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The New Jersey Childproof Handgun Law, also known as P.L.2002, c.130, was a now-repealed law that would restrict the sale of handguns in New Jersey to smart guns that "can only be fired by an authorized or recognized user" and would take effect three years after the technology is available for retail purposes. It has been a controversial issue for the National Rifle Association and many gun owners because of its restrictions and the unusual move that "legislates a product that does not exist".[1]
On July 16, 2019 Gov. Murphy signed into law a bill[2] which repealed substantially all of the original Childproof Handgun Law and replaced it with a requirement that after the state Attorney General approves a production model each firearms retailer in the state would be required to carry and display at least one smart gun on their shelves with "a sign... disclosing the features of personalized handguns that are not offered by traditional handguns".[2]
History[edit]
The law passed on December 23, 2002, and provides a timetable for implementation.[1] Specifically:
The amended bill specifies that three years after it is determined that personalized handguns are available for retail purposes, it will be illegal for any registered or licensed firearms manufacturer or dealer to transport, sell, expose for sale, possess for sale, assign or transfer any handgun unless that handgun is a personalized handgun.[3]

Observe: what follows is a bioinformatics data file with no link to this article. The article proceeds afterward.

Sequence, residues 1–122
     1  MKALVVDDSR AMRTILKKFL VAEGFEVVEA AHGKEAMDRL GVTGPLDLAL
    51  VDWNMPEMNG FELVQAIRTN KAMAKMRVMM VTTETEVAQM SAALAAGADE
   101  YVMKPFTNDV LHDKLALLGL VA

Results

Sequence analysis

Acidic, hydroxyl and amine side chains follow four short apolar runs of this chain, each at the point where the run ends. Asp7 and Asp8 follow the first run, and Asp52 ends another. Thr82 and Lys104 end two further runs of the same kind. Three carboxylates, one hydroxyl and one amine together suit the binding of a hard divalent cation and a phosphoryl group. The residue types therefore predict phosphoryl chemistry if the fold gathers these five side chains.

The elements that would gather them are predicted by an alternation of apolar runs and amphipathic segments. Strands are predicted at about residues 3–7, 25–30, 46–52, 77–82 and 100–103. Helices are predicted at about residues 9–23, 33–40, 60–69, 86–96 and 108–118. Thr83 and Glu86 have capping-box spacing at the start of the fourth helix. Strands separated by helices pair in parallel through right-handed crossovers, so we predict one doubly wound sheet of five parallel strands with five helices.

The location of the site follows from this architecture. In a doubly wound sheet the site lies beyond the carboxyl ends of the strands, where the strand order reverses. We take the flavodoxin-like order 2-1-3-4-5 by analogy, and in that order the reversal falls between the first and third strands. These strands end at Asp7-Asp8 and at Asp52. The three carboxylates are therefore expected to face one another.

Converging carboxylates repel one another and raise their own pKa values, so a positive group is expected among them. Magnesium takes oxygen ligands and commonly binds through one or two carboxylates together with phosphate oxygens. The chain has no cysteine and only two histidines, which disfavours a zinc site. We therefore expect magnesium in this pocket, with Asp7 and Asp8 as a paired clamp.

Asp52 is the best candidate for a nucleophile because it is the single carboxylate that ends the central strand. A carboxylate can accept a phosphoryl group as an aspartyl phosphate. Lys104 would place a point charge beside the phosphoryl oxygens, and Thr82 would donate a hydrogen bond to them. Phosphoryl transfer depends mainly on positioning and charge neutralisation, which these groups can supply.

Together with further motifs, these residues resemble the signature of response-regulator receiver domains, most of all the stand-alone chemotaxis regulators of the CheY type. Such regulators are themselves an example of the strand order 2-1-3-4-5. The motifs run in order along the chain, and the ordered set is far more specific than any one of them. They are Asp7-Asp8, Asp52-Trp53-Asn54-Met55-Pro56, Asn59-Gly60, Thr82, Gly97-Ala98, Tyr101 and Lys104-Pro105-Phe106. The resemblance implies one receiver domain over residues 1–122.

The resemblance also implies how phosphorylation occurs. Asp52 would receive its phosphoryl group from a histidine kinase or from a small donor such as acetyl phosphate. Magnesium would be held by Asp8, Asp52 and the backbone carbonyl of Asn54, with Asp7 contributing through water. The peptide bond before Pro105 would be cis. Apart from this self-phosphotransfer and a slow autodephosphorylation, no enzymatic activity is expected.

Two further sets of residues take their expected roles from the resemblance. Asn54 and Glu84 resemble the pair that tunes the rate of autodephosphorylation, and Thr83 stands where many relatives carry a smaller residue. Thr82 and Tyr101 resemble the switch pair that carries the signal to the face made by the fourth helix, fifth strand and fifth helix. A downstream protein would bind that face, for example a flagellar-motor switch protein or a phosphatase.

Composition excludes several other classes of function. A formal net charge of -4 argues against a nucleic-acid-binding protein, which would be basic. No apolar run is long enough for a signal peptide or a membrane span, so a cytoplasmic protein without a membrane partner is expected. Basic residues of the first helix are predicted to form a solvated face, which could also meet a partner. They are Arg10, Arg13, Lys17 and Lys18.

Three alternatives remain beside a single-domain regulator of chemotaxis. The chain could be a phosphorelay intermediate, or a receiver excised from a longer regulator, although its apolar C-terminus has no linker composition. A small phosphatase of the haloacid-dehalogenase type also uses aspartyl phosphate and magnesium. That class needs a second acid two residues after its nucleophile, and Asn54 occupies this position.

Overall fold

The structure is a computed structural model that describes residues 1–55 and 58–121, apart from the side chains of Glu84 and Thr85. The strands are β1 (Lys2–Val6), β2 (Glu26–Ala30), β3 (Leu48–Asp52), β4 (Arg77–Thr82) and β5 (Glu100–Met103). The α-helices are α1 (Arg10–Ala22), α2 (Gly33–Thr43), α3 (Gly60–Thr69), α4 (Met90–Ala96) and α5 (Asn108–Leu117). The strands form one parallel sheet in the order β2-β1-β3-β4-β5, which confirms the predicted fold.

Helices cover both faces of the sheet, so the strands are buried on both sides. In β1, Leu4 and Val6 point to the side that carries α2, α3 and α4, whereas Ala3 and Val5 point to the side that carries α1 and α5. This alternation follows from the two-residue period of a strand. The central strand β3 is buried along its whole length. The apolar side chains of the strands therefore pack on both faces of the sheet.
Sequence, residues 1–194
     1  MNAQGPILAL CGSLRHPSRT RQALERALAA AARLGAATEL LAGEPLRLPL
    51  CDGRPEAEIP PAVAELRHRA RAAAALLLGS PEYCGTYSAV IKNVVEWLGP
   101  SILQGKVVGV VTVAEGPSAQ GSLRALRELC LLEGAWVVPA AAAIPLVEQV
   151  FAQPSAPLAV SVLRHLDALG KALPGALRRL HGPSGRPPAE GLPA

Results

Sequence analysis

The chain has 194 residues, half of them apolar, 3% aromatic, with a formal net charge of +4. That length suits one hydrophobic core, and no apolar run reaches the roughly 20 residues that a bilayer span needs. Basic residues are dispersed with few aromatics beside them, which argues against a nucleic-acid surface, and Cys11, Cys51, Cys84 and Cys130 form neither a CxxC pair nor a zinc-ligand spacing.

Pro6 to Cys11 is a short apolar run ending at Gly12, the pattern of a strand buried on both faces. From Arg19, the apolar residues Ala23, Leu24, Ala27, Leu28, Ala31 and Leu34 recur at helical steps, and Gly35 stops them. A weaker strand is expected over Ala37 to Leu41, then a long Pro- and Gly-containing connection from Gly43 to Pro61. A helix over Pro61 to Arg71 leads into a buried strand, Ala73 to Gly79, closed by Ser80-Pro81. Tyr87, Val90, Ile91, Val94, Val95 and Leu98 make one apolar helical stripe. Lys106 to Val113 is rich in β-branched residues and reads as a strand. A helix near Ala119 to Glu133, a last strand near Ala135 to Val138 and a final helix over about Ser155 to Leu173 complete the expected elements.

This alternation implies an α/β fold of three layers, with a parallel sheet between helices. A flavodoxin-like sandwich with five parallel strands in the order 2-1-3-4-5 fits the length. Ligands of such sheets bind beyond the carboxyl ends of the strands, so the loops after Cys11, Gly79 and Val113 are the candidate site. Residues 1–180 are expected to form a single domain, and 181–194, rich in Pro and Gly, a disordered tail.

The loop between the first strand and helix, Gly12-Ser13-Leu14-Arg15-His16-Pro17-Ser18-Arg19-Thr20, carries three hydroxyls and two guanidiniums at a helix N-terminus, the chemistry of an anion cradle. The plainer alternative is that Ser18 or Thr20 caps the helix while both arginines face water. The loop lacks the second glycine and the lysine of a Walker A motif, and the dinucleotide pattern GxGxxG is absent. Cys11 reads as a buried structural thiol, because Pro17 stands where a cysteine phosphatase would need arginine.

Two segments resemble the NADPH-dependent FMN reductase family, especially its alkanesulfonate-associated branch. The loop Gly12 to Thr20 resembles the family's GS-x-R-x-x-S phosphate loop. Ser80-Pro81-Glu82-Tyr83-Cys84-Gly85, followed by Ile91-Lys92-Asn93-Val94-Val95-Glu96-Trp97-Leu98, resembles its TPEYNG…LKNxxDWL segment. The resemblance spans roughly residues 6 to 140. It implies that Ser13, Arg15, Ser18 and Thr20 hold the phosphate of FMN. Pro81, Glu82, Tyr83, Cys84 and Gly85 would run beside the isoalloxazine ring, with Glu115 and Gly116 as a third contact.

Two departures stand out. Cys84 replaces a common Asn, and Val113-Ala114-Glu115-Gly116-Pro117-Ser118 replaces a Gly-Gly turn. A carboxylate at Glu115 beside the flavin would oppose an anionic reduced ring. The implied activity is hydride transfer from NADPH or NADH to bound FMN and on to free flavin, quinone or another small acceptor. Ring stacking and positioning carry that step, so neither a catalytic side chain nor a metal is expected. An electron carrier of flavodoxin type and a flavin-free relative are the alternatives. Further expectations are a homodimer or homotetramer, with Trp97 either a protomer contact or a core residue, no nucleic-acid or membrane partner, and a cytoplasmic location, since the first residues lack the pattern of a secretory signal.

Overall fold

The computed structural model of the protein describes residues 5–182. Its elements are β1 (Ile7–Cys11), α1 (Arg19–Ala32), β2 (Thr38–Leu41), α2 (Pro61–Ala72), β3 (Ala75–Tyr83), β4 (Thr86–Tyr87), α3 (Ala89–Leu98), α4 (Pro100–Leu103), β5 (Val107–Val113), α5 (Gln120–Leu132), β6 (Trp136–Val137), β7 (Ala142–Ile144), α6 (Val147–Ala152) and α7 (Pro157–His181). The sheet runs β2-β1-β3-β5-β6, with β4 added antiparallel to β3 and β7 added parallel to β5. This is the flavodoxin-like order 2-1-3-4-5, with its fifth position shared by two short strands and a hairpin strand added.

New Jersey State Senator Joseph A. Palaia, a member of the Republican Party from Monmouth County was a primary sponsor of the legislation[1]
Numerous parties blamed the law for causing research into smartgun technologies to stop. Inc. columnist Joseph Steinberg also criticized the naming of the law as "a terrible misnomer that insinuates that smartguns are somehow childproof, a notion that might encourage owners not to treat the weapons with the same care as they would conventional weapons."[4]
In 2014, the introduction of the Armatix iP1, which can identify authorized users via an electronic bracelet, rekindled debate regarding the law[5][6] Death threats were received in May 2014 by an owner of Engage Armaments in Maryland, who was considering selling the gun but eventually backed off.[7] On May 2, 2014, New Jersey Senate Majority Leader Loretta Weinberg said she would introduce a bill repealing the 2002 law if the National Rifle Association would agree not to stand in the way of smart gun technology.[8]
On May 19, 2014, the Brady Campaign to Prevent Gun Violence and the local chapter of the Million Mom March sued the state of New Jersey, claiming none of the required quarterly reports on the status of personalized guns were filed between at least 2004 and 2012.[9] They said in a statement:
New Jersey law requires the attorney general to report on the availability of personal handgun technology, and that law hasn't been complied with for 10 years. It's particularly important now because there's evidence that personalized handguns have been available for sale in at least two locations.[9]
In November 2014, the Attorney General opined that the existing smart guns do not meet the requirements of the law.[10][11]